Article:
Creating Trusted Independent Data About the Impact of Research
The Institute for Research on Innovation and Science (IRIS) is a member consortium of universities anchored by an IRB-approved data repository hosted at the University of Michigan’s Institute for Social Research. IRIS was founded in 2015 with support from the Alfred P. Sloan and Ewing Marion Kauffman foundations.
IRIS collects record level administrative data from its members to produce a de-identified dataset for research and reporting that will improve our ability to understand, explain and improve the public value of research. Its mission is to be a trusted resource for high quality data that supports independent, frontier research on science and innovation in the service of the public interest.
Science funders are interested in the creation, transmission, and adoption of ideas and discoveries. Research investments enable investigators to hire the people and procure the goods and services necessary to conduct scientific work. In addition to generating discoveries, that work trains people and creates and sustains the collaboration networks that are the sources of innovation. As people move from individual campuses to jobs in many sectors, they carry ideas and skills learned through research with them. The application of these ideas and skills in new settings drives social and economic impact. Using administrative data, the IRIS data infrastructure can capture these movements and networks of collaboration.
HISTORY OF IRIS
IRIS was founded on January 1, 2015 to sustainably expand the UMETRICS initiative developed by the Committee on Institutional Cooperation with $2.5 million in seed funding from the Ewing Marion Kauffman and Alfred P. Sloan foundations. UMETRICS emerged from a partnership of federal science agencies including the National Science Foundation, National Institutes of Health, and U.S. Department of Agriculture. An initial meeting between science of science policy researchers and CIC research officers in March of 2013 led to a two-year pilot project supported by data from 11 universities.
The UMETRICS project compellingly demonstrated that universities can leverage and link their own administrative data to better understand their research portfolios, document their varied economic impact, and generate new scholarly findings.
Since 2013, approximately 100 researchers have accessed UMETRICS data under strict confidentiality protections to pursue research projects that analyze the career outcomes of graduate students, the dynamics and consequences of an aging scientific workforce, the optimal structure of scientific research teams, the contributions of academic discoveries to food safety and security, and entrepreneurship by faculty, staff, and students.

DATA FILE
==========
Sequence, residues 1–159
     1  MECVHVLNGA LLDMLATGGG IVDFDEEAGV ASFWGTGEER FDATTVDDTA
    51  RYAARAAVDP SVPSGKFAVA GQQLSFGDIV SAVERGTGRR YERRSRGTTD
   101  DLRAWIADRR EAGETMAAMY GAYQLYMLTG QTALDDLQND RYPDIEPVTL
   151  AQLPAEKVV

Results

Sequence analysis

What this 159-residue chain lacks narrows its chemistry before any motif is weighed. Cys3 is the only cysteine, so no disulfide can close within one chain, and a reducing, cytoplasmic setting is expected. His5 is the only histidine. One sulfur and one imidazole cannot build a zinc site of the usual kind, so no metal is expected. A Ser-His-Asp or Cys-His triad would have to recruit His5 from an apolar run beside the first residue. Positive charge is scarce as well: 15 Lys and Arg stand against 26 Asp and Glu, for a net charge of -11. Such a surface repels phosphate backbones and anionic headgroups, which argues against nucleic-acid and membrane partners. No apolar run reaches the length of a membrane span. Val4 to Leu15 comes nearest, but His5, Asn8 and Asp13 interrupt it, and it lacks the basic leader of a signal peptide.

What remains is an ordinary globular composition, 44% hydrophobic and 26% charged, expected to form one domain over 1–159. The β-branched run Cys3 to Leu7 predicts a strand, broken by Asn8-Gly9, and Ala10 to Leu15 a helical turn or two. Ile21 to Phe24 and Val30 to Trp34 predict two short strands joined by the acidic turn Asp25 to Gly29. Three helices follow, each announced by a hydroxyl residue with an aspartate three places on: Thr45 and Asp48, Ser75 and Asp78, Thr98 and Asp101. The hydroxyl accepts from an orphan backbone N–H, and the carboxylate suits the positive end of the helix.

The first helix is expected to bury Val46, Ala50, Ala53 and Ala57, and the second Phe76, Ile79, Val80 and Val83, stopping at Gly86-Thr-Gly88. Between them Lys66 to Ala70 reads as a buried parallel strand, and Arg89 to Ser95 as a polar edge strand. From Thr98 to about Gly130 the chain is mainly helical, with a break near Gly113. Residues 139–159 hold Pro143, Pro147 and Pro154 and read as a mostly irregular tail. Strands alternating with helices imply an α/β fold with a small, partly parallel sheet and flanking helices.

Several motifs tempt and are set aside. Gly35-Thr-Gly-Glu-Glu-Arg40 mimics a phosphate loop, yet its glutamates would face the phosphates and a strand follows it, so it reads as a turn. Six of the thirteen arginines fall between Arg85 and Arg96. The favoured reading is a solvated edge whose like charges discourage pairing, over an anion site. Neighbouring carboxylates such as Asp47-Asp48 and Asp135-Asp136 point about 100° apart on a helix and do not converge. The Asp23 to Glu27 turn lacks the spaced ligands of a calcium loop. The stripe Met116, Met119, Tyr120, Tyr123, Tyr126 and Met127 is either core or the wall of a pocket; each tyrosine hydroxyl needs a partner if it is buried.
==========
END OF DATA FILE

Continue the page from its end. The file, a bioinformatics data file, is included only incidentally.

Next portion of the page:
Research projects sparked by UMETRICS were supported by six grants totaling nearly $10 million from three federal science agencies. These projects produced peer-reviewed articles in Science and Research Policy, as well as aggregate and campus-level reports that participating institutions used effectively in outreach to boards of regents and trustees, and to state and federal legislators.
In addition, UMETRICS project team members were invited to present testimony to the Senate Appropriations Committee, and commissioned papers to panels convened by the National Academy of Sciences and the National Academy of Engineering.
The success of UMETRICS in its first five years is a testament to the power of a university-led collaborative endeavor. The Institute for Research on Innovation and Science (IRIS) has continued the progress modeled by the UMETRICS initiative.
The IRIS Architecture
Our data architecture combines administrative data derived from university human resources, sponsored projects, and procurement systems with data on scientific outputs including publications, patents and dissertations to form the core of an extensible dataset that can be linked at the individual, establishment, and grant level to many additional data sources. Our partnership with the U.S. Census Bureau’s Innovation Measurement Initiative (IMI) enables integration of IRIS research expenditures data with Census economic and demographic data including the Longitudinal Employer Household Dynamics (LEHD) dataset and Longitudinal Business Database (LBD). Linked IRIS-Census data supports research and reporting that provides unique insights into the careers of research-trained individuals and their impact on employers and industries.
Accessing IRIS Data for Research
IRIS makes the data it produces as broadly and easily available for research purposes within responsible concerns for privacy and confidentiality. De-identified secondary data produced by IRIS is available through a virtual data enclave. Annual data releases include improvements to both data and documentation. Census linked data are available for research use through the Federal Statistical Research Data Center (FSRDC) system, administered by the U.S. Census Bureau. For more information about our current data release and procedures for accessing it, please see our Research Data page.